** It wasn't just the gaming industry also. Video card manufacturers, hardware publications and gaming sites often quoted gaming technology advancements in relation to how it effected hardware so this had a synergistic effect on getting awareness out re: gaming industry. There was no such synergy with advancements in animation/fx studios. This lead to an uneven perspective by many people who have information on this technology as they were getting one side of the story.

    Scale is a big one, I can't think of a single Blender tutorial (although I know there have been a few) where scale was regarded whatsoever. The first thing you see is the default cube or sphere scaled up 5 times to start modeling, say an eyeball. So now that eyeball is 10 meters in diameter. 

    Yes, the software has changed to have standards, all major software has some relation now to real world measurements. Blender unit = 1 meter, 3DS Max unit = 1 inch, etc.. These are defaults and all packages also have a dialog box where the default can be changed. This also didn't exist a while back. However, the point is that unfortunately bad habits carry on for a long time and since their was no rl equivalents to measurements people got used to modeling without any consideration of that and this persists to this day with many modelers, having passed down from tutor to student modeling techniques that didn't consider this. I highly recommend breaking this habit if anyone has developed it. One of the benefits of having some relation to rl measurements is that import/export functions can automatically apply scaling without the user even realizing or having to deal with it if the importer/exporter is set up to do so. (Although an eyball scaled 10 meters high is still going to be 10 meters high unless it is adjusted properly.)

    shaders like SSS are trying to obey real world characteristics of an eyeball that is almost thirty feet tall.

    Yes, this is a good example of why using proper scale is important. 

    Post edited by Joe Cotter on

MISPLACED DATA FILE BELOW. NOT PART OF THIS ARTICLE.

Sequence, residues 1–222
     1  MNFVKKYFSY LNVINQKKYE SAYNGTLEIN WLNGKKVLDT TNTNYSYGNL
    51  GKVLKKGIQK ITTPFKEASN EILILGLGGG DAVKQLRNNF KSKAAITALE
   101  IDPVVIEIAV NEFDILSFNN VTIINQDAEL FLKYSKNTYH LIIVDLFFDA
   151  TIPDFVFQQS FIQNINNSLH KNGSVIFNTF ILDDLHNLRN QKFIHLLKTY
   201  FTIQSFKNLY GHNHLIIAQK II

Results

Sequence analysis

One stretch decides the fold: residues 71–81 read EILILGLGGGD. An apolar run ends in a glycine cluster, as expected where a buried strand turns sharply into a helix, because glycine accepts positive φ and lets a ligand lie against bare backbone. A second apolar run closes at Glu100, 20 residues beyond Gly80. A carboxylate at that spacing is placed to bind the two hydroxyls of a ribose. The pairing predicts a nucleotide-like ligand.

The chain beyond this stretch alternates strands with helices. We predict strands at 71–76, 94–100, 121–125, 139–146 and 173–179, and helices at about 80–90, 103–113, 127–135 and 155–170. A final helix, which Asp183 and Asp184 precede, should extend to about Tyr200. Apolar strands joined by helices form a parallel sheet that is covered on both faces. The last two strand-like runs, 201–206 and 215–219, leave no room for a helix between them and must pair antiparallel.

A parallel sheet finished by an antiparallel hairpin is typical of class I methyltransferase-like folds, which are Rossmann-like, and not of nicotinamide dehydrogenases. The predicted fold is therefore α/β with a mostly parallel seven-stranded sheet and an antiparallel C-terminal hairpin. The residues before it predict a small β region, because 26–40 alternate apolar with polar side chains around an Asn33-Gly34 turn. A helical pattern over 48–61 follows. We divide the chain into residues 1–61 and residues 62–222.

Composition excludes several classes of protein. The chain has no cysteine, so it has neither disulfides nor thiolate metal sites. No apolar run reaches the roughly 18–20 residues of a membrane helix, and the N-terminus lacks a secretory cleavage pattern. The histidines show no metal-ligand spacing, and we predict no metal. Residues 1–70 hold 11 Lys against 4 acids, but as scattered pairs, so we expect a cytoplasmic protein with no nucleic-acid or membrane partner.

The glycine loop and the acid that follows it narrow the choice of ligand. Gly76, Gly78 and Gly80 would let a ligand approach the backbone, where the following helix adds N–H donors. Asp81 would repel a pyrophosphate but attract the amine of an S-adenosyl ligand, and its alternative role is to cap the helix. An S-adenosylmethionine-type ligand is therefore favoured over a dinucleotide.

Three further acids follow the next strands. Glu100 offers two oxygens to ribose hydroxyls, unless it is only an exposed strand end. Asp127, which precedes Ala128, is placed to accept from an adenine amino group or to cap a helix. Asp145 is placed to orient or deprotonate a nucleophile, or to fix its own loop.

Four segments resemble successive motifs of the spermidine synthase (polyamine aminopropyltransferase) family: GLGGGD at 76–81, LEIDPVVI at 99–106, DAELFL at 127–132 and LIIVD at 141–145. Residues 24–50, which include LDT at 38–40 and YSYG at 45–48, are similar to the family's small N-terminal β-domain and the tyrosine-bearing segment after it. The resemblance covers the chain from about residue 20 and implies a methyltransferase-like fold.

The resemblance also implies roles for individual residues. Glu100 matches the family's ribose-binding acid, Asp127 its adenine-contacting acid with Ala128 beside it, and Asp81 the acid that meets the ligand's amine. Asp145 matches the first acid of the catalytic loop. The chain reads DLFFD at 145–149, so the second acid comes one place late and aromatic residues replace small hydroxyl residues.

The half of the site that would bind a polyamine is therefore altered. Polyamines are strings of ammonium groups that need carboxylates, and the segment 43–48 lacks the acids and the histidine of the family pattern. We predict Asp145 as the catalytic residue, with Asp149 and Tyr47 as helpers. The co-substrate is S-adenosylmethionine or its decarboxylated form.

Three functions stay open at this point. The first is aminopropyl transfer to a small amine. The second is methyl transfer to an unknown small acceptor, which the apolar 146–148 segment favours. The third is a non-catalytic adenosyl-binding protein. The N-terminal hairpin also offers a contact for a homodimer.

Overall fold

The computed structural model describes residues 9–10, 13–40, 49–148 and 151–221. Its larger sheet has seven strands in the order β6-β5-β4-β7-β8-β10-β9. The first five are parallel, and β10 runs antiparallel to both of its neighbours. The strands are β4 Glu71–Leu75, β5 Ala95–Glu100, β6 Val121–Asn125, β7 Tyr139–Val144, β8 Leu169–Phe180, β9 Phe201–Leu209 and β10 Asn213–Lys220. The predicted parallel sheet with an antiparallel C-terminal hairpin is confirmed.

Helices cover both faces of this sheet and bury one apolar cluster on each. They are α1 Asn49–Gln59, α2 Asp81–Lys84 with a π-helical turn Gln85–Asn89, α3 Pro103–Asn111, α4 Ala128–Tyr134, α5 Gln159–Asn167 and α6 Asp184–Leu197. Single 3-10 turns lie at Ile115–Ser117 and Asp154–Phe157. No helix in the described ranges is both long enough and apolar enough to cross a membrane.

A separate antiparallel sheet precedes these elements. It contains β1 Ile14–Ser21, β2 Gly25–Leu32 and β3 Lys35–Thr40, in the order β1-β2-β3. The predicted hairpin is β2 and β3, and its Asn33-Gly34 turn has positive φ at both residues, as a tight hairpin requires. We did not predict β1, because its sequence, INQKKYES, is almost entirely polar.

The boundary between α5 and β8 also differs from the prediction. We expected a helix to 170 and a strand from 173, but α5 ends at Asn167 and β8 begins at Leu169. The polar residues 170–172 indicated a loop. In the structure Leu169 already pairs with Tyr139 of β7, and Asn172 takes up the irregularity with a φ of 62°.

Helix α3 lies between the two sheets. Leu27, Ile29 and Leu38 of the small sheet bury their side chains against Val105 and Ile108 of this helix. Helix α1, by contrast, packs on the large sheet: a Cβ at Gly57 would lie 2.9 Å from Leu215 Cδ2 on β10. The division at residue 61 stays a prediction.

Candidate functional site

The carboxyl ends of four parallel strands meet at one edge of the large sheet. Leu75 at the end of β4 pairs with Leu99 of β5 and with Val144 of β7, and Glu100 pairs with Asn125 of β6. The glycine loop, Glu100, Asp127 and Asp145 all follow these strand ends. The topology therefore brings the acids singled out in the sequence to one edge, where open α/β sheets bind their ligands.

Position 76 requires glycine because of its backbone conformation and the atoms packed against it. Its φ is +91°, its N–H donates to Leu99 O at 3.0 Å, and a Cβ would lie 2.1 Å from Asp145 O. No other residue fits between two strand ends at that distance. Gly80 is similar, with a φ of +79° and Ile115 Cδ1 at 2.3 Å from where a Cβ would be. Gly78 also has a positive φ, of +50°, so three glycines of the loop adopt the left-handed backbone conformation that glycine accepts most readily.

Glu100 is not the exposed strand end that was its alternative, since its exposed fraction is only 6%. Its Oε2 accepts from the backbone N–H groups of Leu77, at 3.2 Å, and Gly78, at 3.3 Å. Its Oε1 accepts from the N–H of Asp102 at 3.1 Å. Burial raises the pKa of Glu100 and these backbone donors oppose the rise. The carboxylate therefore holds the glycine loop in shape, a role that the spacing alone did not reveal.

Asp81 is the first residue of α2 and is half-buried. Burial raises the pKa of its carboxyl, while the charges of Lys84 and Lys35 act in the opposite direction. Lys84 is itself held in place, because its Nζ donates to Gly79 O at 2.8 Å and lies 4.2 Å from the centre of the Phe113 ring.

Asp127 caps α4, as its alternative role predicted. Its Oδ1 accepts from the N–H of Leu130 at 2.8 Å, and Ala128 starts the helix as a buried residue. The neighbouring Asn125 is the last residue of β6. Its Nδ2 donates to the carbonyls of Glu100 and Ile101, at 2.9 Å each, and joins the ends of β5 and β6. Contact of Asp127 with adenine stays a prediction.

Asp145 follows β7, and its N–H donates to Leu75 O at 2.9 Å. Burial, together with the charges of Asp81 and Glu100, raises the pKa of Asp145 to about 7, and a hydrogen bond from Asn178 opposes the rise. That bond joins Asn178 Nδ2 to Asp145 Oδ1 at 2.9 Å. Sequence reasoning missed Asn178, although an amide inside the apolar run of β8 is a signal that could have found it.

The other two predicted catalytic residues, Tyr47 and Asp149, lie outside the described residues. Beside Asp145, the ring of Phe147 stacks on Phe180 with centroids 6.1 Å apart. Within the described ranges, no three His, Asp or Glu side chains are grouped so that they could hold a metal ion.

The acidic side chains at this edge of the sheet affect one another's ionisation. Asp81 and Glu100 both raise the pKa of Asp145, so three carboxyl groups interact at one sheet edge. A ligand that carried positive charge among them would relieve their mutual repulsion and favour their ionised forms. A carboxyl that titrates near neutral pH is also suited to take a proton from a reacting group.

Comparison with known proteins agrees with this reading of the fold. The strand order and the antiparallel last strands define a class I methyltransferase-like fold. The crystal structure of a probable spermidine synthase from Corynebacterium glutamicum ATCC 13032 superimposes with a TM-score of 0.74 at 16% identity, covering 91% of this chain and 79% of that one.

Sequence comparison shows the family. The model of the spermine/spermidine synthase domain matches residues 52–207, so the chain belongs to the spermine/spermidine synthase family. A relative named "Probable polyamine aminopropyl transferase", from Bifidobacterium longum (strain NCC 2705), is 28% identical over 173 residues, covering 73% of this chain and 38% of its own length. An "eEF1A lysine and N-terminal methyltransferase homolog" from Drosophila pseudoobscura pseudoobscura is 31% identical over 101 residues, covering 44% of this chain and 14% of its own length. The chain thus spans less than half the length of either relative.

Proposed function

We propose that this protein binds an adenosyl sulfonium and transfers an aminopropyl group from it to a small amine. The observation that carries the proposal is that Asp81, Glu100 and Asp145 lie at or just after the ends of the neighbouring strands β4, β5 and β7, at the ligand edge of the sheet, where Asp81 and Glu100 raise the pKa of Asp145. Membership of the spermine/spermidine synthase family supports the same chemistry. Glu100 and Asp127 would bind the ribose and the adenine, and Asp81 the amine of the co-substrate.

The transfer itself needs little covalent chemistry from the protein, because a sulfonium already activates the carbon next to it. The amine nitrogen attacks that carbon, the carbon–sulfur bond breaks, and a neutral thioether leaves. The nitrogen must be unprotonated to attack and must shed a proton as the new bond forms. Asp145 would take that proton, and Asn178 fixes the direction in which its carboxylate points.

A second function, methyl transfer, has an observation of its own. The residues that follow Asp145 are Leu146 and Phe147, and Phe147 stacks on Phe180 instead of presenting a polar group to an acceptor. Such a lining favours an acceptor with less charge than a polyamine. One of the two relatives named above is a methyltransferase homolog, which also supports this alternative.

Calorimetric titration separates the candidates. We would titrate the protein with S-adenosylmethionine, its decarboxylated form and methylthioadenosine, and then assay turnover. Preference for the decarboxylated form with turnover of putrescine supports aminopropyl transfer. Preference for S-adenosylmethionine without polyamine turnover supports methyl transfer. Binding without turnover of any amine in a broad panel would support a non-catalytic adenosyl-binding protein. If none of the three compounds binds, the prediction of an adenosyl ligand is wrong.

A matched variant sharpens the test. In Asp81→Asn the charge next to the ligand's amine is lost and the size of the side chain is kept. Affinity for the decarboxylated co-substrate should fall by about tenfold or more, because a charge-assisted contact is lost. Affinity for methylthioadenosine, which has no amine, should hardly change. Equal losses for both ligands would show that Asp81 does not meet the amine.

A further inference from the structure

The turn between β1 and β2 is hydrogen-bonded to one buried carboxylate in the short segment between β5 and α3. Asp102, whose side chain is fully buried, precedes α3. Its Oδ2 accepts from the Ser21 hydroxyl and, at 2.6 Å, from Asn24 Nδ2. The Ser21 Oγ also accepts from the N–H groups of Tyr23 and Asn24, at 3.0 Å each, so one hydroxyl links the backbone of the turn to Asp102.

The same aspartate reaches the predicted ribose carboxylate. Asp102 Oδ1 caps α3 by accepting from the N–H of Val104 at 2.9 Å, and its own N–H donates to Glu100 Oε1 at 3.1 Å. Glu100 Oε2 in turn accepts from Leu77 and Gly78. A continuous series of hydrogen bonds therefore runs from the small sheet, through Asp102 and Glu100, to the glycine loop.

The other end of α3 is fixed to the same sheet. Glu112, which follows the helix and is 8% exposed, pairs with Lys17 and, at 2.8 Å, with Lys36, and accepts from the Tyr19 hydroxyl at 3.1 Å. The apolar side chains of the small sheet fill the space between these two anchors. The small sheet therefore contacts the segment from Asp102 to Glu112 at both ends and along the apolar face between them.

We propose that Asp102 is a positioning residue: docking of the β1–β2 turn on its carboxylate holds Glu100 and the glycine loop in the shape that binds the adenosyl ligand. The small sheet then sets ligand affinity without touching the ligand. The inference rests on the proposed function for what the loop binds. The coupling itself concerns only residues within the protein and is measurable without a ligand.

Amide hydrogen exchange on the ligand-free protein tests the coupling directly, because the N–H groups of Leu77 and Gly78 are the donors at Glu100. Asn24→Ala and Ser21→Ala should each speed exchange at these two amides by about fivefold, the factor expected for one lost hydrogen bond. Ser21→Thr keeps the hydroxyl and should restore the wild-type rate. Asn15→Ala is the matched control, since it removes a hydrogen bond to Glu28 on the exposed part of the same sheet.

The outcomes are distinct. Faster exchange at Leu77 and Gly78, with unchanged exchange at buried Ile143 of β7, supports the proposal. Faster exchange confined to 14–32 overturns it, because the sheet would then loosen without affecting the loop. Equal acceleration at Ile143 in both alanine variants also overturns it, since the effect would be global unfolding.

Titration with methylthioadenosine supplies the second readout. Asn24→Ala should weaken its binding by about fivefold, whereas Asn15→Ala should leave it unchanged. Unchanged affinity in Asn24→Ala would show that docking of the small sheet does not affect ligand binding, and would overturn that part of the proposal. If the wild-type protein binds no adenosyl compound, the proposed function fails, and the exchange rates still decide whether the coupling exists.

• nonesuch00nonesuch00 Posts: 5,862

    Well I will be interested to see where the ProRenderer & Cycles go as neither Blender or AMD are going to be sitting still or have been.

  • LotharenLotharen Posts: 206

    Eevee seems rather interesting. I used a plugin to convert a scene from Studio to Blender using cycles but when I changed the renderer to Eevee everything was purple and I wasn't able to get the textures or lighting to show. I would love a dedicated plugin that would convert everything to blender ready. I'm not skilled enough to trouble shoot or do it myself yet. I think animating in Blender would be amazing - if only you could animate studio figures within blender.

  • FinlaenaFinlaena Posts: 334

    Hey, what's the best way to do cloth sims (i.e. Using Poser dynamics) in Blender? What settings, etc do y'all use, or how do you "pin" stuff?

  • ebergerlyebergerly Posts: 1,218

    There's a bunch of youtube videos on doing cloth in Blender. I think BornCG has one or more that should get you started. 

  • bradrgbradrg Posts: 457
    edited August 15

     

    Finlaena said:

    Hey, what's the best way to do cloth sims (i.e. Using Poser dynamics) in Blender? What settings, etc do y'all use, or how do you "pin" stuff?

    Blender actually has a fantastic clothes engine: You go into the physics tab to enable it. 

    To pin a vertex create a vertex group, and then select it in the physics tab. 

    It even has a sewing feature, so you can create two flat shapes, attach edges between them and blender will sew them together for you. 

    This is something I'm working on at the moment

     

    cloth.jpg
    218 x 310 - 48K
    Post edited by bradrg on
  • Joe CotterJoe Cotter Posts: 3,164
    Lotharen said:

    Eevee seems rather interesting. I used a plugin to convert a scene from Studio to Blender using cycles but when I changed the renderer to Eevee everything was purple and I wasn't able to get the textures or lighting to show. I would love a dedicated plugin that would convert everything to blender ready. I'm not skilled enough to trouble shoot or do it myself yet. I think animating in Blender would be amazing - if only you could animate studio figures within blender.

    If the objects in your scene are pink, that means that Blender can't find the texture(s) that is/are associated with that object, same as in Unity actually. You would need to go through some tutorials on how to set up your textures/shaders for Eevee. Here's one I haven't had time to check out yet but might get you started: EEVEE : Getting Started

  • RAMWolffRAMWolff Posts: 7,528
    bradrg said:

     

    Finlaena said:

    Hey, what's the best way to do cloth sims (i.e. Using Poser dynamics) in Blender? What settings, etc do y'all use, or how do you "pin" stuff?